To be blunt the narrative was a mess. Stays on course and suddenly veers off track in a big way. Messy would be kind. The
Portia Kane is a woman who used to have big dreams of being a published author but is currently experiencing something akin to a mid-life crisis. We’re first introduced to her character as she hides drunk in her bedroom closet with a handgun watching her porn-producer husband cheat on her with a much, much younger woman. As sad as it sounds, Quick made this introduction memorable and hilarious, as unlikely as that seems. Deciding that going to jail for shooting her husband and his lover she dubs ...more
Oct 15, 2014 rated it it was amazing  ·  review of another edition
While Love May Fail begins with Portia Kane leaving her lying, cheating husband, the story actually starts years earlier, in her high school English classroom, where the teacher, Mr. Vernon, sparks something in his students that continues to have great impact for many of them. Quick (Silver Linings Playbook) has an amazing talent for creating characters that have every reason to see the world’s cup as half-empty but manage to see it as half-full instead. A novel about the joy and consequences of ...more
Love May Fail is the story of four people, all connected, and each with their life in a certain state of instability.

We have Portia Kane, who just caught her porn king husband sleeping with a girl barely half her age. She’s going home to try and figure out the next step.

I say the word wang several times and describe Ken’s tiny penis at great length before I think better of using such vivid sexual imagery while conversing with a nun, but she seems fascinated – riveted.
She squints and smiles when
Maya Panika
May 16, 2015 rated it it was ok  ·  review of another edition
Shelves: dnf
I’m just a little over halfway through this book and I’m afraid I just can’t finish it.
The book is in four parts; each concerns a different character. The first is Portia Kane. Portia is such a ridiculous, badly-drawn and tedious character. I struggled through her story (the high school flashback is particularly slow, drawn-out and tiresome) and began skimming when Portia’s old school friend, her nauseatingly cutesy and precocious child and gauche brother Chuck entered the tale and the cloying
Aug 23, 2015 rated it liked it  ·  review of another edition
A quick and enjoyable read, but something feels a little forced when I read Matthew Quick. I like his characters, particularly the neurotic Portia Kane, but the plot feels manipulative. I prefer more subtlty or nuance in my books.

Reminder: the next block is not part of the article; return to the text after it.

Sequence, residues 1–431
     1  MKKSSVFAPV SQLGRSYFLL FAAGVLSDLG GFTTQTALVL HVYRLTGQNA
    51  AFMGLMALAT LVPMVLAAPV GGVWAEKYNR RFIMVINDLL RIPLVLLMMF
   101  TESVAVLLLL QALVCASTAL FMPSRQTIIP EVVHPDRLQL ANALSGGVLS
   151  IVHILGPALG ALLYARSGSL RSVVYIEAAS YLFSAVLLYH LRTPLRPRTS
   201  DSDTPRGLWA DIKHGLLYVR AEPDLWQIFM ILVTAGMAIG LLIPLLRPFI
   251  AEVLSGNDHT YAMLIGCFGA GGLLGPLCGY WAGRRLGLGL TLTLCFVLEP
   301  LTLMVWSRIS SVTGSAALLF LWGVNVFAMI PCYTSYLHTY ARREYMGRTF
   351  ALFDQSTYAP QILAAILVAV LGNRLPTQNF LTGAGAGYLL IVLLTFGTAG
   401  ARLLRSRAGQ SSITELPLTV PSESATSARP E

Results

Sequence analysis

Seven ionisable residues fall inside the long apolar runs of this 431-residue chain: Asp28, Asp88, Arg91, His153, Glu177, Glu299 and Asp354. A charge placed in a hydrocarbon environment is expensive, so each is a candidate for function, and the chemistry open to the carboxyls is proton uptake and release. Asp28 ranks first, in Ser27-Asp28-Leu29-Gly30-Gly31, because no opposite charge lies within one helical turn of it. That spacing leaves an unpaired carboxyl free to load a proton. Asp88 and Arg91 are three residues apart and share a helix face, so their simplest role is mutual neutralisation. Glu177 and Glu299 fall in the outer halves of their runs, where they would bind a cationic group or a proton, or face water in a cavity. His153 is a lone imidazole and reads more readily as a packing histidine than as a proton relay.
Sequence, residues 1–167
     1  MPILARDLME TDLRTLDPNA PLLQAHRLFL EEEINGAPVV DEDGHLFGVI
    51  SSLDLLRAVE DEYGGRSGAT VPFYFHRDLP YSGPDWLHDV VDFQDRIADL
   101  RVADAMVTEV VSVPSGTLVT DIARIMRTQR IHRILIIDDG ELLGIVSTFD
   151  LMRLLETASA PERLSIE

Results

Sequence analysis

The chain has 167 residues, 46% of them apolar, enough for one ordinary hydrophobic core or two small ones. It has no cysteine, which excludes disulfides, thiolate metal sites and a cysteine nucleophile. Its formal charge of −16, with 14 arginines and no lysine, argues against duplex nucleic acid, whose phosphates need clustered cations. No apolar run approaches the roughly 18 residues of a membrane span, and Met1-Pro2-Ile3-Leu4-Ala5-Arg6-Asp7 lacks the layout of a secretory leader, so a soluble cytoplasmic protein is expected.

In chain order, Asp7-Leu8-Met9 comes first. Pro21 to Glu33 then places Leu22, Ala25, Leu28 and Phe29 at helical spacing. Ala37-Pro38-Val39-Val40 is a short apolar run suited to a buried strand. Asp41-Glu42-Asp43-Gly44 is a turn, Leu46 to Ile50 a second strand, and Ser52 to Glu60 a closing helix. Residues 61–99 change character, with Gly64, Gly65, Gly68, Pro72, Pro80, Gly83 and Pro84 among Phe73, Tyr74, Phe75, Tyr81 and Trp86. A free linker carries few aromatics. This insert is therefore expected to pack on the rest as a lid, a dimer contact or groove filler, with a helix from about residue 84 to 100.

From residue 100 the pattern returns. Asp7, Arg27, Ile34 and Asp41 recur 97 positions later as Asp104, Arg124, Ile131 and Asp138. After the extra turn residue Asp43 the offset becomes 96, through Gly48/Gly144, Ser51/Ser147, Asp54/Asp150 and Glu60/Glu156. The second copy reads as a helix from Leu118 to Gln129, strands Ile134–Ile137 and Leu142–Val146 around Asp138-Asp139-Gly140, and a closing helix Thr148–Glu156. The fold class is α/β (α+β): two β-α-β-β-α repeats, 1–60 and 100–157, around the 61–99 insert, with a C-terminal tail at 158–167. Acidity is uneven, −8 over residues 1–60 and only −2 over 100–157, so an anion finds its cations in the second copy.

This was never getting more than 3 stars after the Albert Camus business near the beginning, but I was interested enough in the story to continue, even after that plot decision. I saw what the author was doing with it, but I do not forgive.
Matthew Quick, in my short experience with him, strikes me as a fan of the redemptive tale, and since I too am a fan, I enjoy what I've experienced so far. I really liked the ending of this book. It made me cry, and I do love a good book cry.
The audio book
Straight up, Love May Fail did not fail to captivate me. It’s a beautiful book about the impact we have on the lives of others. Read the rest of my review here
Katy Noyes
Mar 12, 2015 rated it really liked it  ·  review of another edition
I've enjoyed all of Matthew Quick's other books in the past - on the surface, they look like fairly light reads, but every time, there's always a darker heart and a strong message about personal responsibility, of taking control of your life, that makes his name one to watch.

Love May Fail reads a lot like several stories in one. Various characters come to the fore to narrate chunks of the story, leaving others in the background for a while, but the flow does bring the plot together for the end
I loved Love May Fail. It felt a little manipulative and easy which is why I gave it three stars (although 3.5 would have been more accurate) but on the other hand, it worked. I choked up and was moved all the places I was supposed to.